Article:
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Archaeological Site of Gortyn

Place description

The archaeological site of Gortyn (or Gortys) can be found 45km south of Heraklion, close to the village Agii Deka and next to the road connecting Agii Deka with Mires. The city covered a large area on the sides of the river Mitropolianos (or Litheos), even today surrounded by the ancient olive grove of Gortyn.

People have inhabited the area since 3000 BC, while during the Minoan era it evolved as one of the largest cities of Crete. In the 3rd century BC, it surpassed Phaestus and managed to possess the harbor of Matala, while retaining its port in Levina (current Lentas) and Lassea (current Chrysostomos). The town reached its peak during the Roman Empire when the Romans moved the capital of Crete and Cyrenaica (today’s Libya) to Gortyn. The city was finally destroyed by the Arabs in 828 AD, after around ten centuries of prosperity.

Gortyn is one of the most important archaeological sites in Greece. The first archaeological works started in 1884 by archaeologists Federico Halbherr and Stefanos Xanthoudides, after they discovered the Great Inscription of Gortyn. In 1898 the first excavations started, which continue until today.

Attractions to visit in Gortyn:

The temple of Saint Titus

Inside the main archaeological site (near the road) still stands a small part of the imposing basilica dedicated to the first bishop of Crete, Saint Titus. The temple was built in the 6th-7th century and was dedicated to Saint Titus after the destruction of the larger basilica of Saint Titus located nearby. The small part that has survived is currently used for the worship of Panagia (Virgin Mary). Around the church, several stone sarcophagi have been identified, used for burying the priests.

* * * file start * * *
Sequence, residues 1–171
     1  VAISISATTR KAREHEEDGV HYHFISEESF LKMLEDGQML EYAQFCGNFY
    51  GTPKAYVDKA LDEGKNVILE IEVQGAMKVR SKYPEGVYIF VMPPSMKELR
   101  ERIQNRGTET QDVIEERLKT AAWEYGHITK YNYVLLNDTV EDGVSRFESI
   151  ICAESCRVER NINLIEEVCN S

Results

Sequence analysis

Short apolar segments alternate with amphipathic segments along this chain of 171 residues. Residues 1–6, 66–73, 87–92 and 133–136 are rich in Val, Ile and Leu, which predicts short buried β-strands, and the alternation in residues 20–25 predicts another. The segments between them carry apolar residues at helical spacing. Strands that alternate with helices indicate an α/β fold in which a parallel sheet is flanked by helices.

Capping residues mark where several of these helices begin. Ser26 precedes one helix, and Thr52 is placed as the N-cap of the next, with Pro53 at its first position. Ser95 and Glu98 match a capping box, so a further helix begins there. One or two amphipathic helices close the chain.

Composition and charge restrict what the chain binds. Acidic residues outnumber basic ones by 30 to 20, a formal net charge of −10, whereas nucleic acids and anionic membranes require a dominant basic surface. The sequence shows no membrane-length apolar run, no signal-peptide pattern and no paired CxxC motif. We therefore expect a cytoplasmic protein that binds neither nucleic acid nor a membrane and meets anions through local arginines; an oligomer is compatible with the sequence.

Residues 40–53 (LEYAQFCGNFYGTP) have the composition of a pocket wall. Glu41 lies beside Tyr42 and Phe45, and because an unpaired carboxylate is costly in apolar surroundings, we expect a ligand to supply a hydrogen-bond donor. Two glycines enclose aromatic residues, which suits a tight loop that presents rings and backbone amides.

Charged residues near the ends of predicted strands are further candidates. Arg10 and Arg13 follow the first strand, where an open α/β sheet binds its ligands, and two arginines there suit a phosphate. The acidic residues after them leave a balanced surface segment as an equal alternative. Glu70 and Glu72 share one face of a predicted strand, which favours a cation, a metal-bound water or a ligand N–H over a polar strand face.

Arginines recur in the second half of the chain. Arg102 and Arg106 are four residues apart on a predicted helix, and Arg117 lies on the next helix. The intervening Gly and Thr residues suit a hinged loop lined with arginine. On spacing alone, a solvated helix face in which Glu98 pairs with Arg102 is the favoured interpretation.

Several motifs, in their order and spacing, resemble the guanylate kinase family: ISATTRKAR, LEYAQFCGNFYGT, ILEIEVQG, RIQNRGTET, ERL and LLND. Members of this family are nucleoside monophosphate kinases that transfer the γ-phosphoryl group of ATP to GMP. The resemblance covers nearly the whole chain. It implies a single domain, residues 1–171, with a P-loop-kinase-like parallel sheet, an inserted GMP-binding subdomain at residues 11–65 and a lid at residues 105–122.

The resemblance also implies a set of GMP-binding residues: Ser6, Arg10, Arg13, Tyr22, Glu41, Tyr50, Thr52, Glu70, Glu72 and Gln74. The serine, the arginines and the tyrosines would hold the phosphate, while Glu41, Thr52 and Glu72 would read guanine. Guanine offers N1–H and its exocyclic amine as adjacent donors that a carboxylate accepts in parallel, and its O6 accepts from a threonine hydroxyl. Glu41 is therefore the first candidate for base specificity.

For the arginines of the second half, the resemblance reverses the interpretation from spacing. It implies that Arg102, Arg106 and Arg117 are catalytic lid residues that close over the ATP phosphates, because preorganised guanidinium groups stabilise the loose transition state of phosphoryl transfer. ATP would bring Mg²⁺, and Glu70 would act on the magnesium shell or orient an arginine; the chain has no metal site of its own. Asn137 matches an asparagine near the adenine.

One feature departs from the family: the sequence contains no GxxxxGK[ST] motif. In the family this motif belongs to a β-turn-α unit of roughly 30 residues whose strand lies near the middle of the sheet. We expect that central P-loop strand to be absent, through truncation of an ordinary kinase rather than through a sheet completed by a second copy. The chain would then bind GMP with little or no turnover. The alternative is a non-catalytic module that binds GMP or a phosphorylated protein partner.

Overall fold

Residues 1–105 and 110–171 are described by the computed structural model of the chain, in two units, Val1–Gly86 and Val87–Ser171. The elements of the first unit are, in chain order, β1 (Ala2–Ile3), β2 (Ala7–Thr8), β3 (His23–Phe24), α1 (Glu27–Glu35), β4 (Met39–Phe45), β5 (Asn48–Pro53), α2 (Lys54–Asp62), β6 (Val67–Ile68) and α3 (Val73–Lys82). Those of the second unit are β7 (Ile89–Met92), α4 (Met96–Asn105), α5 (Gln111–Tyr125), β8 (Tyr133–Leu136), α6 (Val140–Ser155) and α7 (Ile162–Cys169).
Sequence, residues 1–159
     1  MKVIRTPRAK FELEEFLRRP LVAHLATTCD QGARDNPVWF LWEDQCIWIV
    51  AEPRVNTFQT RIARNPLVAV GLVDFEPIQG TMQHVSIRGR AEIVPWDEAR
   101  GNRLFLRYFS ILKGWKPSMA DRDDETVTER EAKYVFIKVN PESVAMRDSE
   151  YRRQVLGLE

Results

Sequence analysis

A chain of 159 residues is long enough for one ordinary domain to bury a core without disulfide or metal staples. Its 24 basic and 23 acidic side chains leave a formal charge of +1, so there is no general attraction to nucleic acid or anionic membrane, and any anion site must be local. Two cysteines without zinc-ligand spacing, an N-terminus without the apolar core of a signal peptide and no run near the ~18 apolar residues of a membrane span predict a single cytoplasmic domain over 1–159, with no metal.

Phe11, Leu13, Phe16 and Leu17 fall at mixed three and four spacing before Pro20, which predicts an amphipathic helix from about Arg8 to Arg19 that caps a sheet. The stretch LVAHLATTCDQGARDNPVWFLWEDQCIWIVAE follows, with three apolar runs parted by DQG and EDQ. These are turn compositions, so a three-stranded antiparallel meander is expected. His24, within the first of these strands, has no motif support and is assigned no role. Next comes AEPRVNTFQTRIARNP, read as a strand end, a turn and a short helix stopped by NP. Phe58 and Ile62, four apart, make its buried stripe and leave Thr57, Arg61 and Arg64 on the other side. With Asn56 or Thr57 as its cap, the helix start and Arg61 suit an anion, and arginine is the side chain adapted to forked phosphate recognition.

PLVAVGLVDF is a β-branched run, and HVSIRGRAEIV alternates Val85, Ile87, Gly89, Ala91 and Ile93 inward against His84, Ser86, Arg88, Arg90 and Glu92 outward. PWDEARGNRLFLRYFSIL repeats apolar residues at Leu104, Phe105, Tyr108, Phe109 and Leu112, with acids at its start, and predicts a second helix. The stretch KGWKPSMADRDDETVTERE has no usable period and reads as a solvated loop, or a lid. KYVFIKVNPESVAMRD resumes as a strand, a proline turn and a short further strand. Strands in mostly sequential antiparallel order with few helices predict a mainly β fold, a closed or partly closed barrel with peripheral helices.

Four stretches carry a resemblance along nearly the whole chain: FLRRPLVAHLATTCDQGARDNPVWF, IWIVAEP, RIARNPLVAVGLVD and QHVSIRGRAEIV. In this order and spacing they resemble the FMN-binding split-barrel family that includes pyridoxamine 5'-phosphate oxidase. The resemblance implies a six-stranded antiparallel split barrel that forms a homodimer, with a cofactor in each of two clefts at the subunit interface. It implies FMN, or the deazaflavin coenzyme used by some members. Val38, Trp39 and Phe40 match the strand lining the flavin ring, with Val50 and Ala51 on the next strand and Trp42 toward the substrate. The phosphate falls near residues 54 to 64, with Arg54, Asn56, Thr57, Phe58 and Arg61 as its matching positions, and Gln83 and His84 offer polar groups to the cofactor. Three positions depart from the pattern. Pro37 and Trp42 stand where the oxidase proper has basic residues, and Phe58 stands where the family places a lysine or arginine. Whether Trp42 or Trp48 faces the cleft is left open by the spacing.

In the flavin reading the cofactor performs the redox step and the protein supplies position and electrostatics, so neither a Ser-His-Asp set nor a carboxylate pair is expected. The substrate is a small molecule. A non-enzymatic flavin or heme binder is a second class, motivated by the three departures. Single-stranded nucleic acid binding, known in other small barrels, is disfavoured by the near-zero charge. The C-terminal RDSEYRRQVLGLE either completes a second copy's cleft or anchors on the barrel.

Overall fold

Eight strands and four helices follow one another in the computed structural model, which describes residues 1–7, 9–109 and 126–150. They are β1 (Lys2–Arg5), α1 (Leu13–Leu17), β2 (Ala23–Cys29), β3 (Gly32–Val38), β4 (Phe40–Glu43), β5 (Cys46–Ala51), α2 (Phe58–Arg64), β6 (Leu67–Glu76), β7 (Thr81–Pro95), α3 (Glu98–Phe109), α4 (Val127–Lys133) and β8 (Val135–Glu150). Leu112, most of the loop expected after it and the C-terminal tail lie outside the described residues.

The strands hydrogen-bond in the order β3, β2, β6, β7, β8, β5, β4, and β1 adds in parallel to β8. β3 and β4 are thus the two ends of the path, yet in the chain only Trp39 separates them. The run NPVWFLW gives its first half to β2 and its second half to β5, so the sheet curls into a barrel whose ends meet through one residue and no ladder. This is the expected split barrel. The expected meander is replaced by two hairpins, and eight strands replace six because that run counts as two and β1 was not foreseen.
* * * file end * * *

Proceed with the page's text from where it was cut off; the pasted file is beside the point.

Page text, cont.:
The Roman Odeon

The Roman Odeon is the largest Odeon in ancient Crete, which is actually an indoor Roman theater. It was a very important part of the ancient city, where the Romans watched performances and talks. The auditorium has been maintained in quite good condition, as well as the semicircular orchestra and the stage which was decorated with statues. Next to the theater, there was the Agora and temple of Asclepius.

The Great Inscription of Gortyn

Next to the small theater, Halbherr discovered in 1884 four stone columns in the Doric dialect, where the civil law of Gortyn was engraved in boustrophedon script (bi-directional / alternation writing direction per line). Later, parts of the rest eight columns were found, some of them embedded on walls of houses in the village Agii Deka(!), thus completing the puzzle of the Law of Gortyn. The twelve columns (deltas) of Gortyn had about 640 verses, 605 of which have been found. The very progressive laws refer to 450 BC and were inspired by Minoan elements. The Law of Gortyn is the oldest surviving law in ancient Greece.

The exhibition of the statues

Near the parking place, a small room houses the Roman sculptures found in Gortyn. One of the most important statues probably depicts the emperor Antoninus Pius.

The plane tree of Gortys